The information provided in Parts 1 and 2 of this article, thus far, is merely a means to an end. That end is the rail wear limit — the point at which the useful life of the rail is exhausted. In heavy-haul operations, the rails are used with tie spacings between 19 and 24 inches. At these spacings, most rail sections behave more like deep beams than like beams under flexure (bending). As a result, contact stresses govern what happens to the rail. The response of the rail to the wheel loads depends to a large extent on the reaction provided by the supporting ties, ballast and subgrade. This complex interaction produces wear on the top of both rails, as well as on the gauge face of the high rail.
The rate of rail wear is also dependent on the strength of the rail and its response to wheel loads. Field testing must be done on curves of varying degrees in order to determine rail rotation, the wheel/rail contact point, flange forces, vertical and lateral forces, and the effect of lubrication on rail movement and stresses in order to effectively establish wear limits.
Using the information gathered from the field, structural analysis of the track system must then be performed to evaluate the stresses in different rail sections at various stages of wear. From the results of the stress analysis, wear envelopes (see Figure 7) are developed for premium and standard carbon rails. Each graph reflects the loading to the rail and the strength of the rail head material. Wear limits will be different from railroad to railroad because of differences in rail types, tie and fastening systems, maintenance practices, wheel loadings and even operating procedures.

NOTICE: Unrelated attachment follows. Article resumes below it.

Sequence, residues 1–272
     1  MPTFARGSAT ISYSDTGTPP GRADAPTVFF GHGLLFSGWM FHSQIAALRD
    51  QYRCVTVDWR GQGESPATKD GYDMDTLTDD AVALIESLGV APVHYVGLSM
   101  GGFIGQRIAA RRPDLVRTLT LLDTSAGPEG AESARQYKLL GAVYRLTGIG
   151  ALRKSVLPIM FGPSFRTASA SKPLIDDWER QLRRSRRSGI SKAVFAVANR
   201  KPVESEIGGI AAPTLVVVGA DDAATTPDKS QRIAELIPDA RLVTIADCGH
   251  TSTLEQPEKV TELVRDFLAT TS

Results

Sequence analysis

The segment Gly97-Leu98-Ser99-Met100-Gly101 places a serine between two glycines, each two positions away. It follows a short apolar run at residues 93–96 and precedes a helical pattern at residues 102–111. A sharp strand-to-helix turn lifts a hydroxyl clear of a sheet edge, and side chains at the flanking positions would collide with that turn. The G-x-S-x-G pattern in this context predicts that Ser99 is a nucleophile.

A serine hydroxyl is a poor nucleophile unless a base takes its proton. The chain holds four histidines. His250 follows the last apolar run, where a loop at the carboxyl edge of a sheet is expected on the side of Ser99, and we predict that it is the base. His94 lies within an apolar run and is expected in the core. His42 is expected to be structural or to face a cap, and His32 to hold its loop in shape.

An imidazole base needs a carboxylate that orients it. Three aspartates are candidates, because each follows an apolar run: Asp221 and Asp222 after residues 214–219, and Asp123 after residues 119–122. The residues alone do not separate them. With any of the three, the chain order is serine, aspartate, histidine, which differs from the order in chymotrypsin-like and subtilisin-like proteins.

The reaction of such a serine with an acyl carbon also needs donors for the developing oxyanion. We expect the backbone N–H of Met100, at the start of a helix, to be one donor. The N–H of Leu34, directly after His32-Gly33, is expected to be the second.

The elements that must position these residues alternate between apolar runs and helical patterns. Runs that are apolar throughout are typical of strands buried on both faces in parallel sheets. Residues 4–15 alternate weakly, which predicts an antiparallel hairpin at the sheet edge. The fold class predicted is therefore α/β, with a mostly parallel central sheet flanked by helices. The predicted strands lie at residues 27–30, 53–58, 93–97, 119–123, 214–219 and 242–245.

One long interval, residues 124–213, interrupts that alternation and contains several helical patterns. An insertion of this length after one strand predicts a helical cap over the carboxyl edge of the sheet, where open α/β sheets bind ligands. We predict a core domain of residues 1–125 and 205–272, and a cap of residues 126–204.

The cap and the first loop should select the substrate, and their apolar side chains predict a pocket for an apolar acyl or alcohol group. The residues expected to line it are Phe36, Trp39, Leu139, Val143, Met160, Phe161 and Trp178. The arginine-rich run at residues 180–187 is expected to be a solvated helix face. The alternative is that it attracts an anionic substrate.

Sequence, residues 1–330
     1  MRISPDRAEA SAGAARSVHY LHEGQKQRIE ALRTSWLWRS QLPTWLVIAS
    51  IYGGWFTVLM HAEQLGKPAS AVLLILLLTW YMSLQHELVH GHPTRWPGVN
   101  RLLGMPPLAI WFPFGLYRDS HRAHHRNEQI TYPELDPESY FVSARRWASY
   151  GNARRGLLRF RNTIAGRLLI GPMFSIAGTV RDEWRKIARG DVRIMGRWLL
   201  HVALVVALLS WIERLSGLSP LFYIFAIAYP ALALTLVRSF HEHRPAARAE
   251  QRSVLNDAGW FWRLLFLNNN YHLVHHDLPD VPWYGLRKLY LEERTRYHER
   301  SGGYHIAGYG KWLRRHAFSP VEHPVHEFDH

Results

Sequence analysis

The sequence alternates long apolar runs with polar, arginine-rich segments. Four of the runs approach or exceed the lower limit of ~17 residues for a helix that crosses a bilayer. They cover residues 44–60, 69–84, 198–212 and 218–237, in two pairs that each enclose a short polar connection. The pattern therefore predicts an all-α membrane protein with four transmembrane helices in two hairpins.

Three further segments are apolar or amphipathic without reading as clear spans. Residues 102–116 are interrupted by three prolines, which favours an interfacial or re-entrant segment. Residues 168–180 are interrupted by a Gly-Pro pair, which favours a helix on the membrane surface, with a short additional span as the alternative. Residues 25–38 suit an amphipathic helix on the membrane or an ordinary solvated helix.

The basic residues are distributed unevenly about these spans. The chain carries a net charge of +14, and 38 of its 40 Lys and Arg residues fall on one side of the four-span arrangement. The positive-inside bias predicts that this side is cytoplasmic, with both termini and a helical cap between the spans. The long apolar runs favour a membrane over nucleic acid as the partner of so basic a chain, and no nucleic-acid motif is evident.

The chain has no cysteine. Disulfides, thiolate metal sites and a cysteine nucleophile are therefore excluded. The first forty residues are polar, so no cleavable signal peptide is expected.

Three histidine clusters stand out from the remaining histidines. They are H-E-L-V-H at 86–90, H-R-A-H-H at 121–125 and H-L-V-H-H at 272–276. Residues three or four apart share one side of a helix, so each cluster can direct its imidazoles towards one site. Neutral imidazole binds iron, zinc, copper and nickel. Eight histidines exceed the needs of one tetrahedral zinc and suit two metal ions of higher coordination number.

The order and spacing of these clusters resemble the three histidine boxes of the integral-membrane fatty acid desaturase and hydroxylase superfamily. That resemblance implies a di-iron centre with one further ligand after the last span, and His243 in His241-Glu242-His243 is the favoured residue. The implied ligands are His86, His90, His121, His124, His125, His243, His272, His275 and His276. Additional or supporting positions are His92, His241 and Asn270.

Stresses in rails are very complex. Axle loads, vehicle behavior, track conditions, rail profiles and residual and thermal stresses in the rail all play a role. But contact stresses dominate all other stresses, and often represent the initiation point of contact fatigue damage to the rail. This is exacerbated by the passage of each wheel, which creates several stress cycles that add to the cumulative fatigue damage that is done to the rail. The magnitude of these stresses is dependent on the track system, wheel/rail contact, top-of-rail friction and the thickness of material left in the head of the rail. But no matter how you slice it, the rail investment cannot be properly managed without understanding its stress environment.
Dr. Jude Igwemezie is President of Applied Rail Research Technologies
(1) Igwemezie, J.O., Kenney, S.L., and Gore, N.R., “Residual Stresses and Catastrophic Rail Failure,” proceedings of the 5th International Heavy Haul Conference. Beijing, China. June 1993.
(2) Igwemezie, J.O., Kennedy, S.L., Feng, X., and Rowan, W., “Defective Rail Fracture Under Dynamic, Thermal and Residual Stresses,” proceedings of the 5th International Heavy Haul Conference. Beijing, China. June 1993.
(3) Igwemezie, J.O., Kennedy, S.L., and Ca1, Z., “Dynamic Calibration of Track and Fracture Toughness Testing of Whole Rail Sections in Cold Temperature,” Track Structures Research II Task 2 Report, CIGGT Report No. 91.